Posts Tagged 'sharing'

My 5 Favorite Enterprise 2.0 tools

I’ve been talking recently about some of IBM’s social software solutions, and even shared some screenshots with you, but until now – no list. Why? Well, I’m not that of a list guy. Top 10, top 5, top 2 – there are too many lists, and often people are posting ‘my top xx list of..’ instead of writing something that has more meaning, but more time-consuming (to write).

Still, after reading Orli‘s post of My 15 Favorite Web 2.0 Sites (2008) at her Go 2 Web 2.0 site, I decided it’s time to post a list of my own. IBM is really a technology and innovation oriented company, and we have numerous enterprise 2.0 tools – some internal while others matured to IBM solutions. Three of my fav five started off as an internal project of some research dude, who then published his project internally, in our ‘technology greenhouse’, aka TAP – Technology Adoption Program‘. TAP is basically how IBM embraces innovation and technology, by encouraging its employees to develop and pilot new technologies, that might mature one day and become IBM solutions. If innovation and technology interests you (and it should), read the whitepaper IBM published about TAP.

Here goes, my fav five list of enterprise 2.0 tools:
Lotus Sametime (instant messaging)
I know, IM is not an enterprise 2.0 tool per se, but if we’re talking about connecting people with knowledge, IM is as good as it gets. Lotus Sametime celebrated earlier 2008 its 10th birthday, and with over 100 million corporate users, is the leading IM platform to date. At IBM, the daily usage of IM has surpassed that of emails, and personally I chat between 10-30 times a day, unique chats. The tool gathers its employee information from our employee directory (see fav #5), saves chat history (if I wish to), works with my IP phone, and with the public gateway I can chat with business partners and AOL/Gtalk/ICQ/Yahoo users.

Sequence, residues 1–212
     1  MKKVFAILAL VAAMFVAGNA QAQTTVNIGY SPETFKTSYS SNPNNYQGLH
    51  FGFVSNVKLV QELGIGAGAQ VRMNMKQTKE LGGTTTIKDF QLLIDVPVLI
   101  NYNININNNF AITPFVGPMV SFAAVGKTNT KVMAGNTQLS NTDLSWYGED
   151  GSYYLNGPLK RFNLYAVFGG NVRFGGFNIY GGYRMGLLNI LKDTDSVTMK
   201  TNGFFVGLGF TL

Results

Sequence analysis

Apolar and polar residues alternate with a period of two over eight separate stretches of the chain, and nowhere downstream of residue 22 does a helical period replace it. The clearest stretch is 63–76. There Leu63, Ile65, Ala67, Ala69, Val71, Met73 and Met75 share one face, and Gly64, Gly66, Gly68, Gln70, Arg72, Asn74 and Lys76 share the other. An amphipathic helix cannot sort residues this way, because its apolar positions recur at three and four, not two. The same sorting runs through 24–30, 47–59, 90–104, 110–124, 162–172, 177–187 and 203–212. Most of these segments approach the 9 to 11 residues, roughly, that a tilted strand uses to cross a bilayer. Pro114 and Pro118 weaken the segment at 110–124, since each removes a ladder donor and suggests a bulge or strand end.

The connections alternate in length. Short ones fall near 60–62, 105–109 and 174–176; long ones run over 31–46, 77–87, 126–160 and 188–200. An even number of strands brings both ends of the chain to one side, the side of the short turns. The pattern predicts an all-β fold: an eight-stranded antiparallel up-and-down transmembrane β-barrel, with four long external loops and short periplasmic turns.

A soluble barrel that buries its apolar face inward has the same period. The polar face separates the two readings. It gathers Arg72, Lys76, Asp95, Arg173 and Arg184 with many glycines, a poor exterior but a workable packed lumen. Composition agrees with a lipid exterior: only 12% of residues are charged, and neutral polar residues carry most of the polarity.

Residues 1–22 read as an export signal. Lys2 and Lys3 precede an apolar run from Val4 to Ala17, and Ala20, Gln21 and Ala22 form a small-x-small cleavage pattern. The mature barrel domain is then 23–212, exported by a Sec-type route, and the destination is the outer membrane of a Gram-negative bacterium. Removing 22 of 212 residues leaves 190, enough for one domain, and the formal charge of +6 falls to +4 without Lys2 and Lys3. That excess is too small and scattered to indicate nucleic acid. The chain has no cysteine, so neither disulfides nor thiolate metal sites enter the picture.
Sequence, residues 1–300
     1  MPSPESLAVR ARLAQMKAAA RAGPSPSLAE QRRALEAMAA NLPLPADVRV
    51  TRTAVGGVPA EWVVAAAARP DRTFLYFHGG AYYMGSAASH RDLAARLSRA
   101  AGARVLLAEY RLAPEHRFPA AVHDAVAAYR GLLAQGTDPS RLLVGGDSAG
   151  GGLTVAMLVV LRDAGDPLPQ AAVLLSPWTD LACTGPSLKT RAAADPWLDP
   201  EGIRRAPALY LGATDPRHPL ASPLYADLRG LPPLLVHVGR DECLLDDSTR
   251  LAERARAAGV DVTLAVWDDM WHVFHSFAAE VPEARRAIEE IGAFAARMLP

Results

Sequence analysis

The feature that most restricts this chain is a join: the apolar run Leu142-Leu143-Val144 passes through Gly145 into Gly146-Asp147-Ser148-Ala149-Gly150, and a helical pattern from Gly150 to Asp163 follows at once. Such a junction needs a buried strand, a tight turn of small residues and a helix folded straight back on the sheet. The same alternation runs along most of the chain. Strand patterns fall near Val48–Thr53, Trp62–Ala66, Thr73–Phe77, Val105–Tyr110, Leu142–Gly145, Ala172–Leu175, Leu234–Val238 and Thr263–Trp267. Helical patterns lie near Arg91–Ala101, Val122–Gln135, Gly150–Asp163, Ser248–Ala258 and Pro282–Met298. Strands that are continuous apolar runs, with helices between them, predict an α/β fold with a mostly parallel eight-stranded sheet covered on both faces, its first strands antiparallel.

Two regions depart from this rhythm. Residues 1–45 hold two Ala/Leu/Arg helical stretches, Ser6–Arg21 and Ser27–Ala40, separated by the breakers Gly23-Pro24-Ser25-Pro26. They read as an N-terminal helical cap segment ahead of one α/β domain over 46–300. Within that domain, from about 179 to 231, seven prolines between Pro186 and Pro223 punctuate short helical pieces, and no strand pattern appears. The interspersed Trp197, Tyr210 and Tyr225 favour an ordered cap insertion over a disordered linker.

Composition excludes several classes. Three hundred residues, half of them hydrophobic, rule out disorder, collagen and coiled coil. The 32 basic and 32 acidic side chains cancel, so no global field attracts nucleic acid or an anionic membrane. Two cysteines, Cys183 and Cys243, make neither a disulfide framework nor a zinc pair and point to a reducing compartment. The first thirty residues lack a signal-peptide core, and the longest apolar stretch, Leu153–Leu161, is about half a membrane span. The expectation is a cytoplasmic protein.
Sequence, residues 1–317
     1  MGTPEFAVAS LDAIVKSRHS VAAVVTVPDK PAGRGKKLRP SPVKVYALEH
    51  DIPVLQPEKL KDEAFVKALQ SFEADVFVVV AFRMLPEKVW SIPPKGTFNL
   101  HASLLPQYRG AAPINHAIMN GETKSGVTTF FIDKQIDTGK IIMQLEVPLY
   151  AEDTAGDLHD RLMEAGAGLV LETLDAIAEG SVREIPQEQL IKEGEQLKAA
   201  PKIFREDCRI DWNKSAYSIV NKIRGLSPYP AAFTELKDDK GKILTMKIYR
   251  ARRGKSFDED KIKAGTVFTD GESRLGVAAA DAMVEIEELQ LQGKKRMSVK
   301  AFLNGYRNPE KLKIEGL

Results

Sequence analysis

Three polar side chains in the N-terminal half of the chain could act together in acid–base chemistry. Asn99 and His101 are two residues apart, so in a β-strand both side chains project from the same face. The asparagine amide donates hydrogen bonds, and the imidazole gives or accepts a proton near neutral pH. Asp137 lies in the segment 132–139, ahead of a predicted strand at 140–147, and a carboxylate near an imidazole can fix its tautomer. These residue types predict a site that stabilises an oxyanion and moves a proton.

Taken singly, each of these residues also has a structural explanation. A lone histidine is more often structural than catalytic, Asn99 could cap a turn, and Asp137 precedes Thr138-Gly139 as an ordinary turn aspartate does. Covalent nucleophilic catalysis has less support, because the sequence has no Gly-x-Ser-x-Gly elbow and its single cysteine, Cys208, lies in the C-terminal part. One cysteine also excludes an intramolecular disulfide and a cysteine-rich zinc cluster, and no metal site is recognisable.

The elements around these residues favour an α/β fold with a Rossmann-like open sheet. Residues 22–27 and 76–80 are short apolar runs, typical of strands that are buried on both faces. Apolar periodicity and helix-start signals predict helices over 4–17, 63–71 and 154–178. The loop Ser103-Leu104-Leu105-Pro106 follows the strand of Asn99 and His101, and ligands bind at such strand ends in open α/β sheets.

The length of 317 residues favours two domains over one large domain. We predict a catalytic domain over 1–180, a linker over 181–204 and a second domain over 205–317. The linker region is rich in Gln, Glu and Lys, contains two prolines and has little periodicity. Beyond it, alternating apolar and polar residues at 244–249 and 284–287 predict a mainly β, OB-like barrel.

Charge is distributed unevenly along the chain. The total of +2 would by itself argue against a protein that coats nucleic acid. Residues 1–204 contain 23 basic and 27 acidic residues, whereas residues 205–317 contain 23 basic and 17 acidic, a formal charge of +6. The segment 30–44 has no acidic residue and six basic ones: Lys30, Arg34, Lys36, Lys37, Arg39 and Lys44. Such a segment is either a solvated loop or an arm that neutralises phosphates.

Dogear (social bookmarking)
Ultimately one of my favorite ‘web 2.0 that made the enterprise 2.0 leap’ tools. Dogear actually started as a TAP project within IBM some 3 years ago. Since then The Dog attracted many (internal) early adopters, until 14 months ago – when Dogear was introduced to the market within Lotus Connections, IBM’s social software for the business solution. At IBM we have some 500,000 links, 800 of those are mine 馃檪 There’s a Firefox extension (dogear this, search), private/public options and the ability to import bookmarks (among other features) – Super COOL!

Cattail (file sharing)
Again, another TAP graduate. Contrary to belief, you can’t find MP3s or Dexter Season 2 at Cattail – but you can find other kinds of knowledge: customer presentations, competitive analysis, reviews, analyst reports, whitepapers, screenshots, solutions overviews and much more. Yes, it’s basically a document repository, like a wiki (which is also available internally at IBM), but the social aspects that were added to Cattail makes it a hugh success internally. In fact, some Cattail features will be incorporated in a future release of Lotus Quickr… but you didn’t hear it from me.

IBM w3 (intranet)
Probably the best corporate intranet out there, and I’m not saying that because I used to editor-in-chief the local Israeli site. With some 400,000 employees worldwide, 30 something languages, thousands of roles and expertise, IBM On Demand Workplace (aka w3) is the one stop shop for every employee and manager working at Big Blue. The abundance of external articles and internal news pieces are obvious, but I’ll just mention the ability to download any software internally – without IT, manage your passwords, locate people and expertise, personalized and role-based homepage, track stocks, work with your opportunities, semantic tagging, experience new research projects, watch and download webcast and podcasts – should I say more?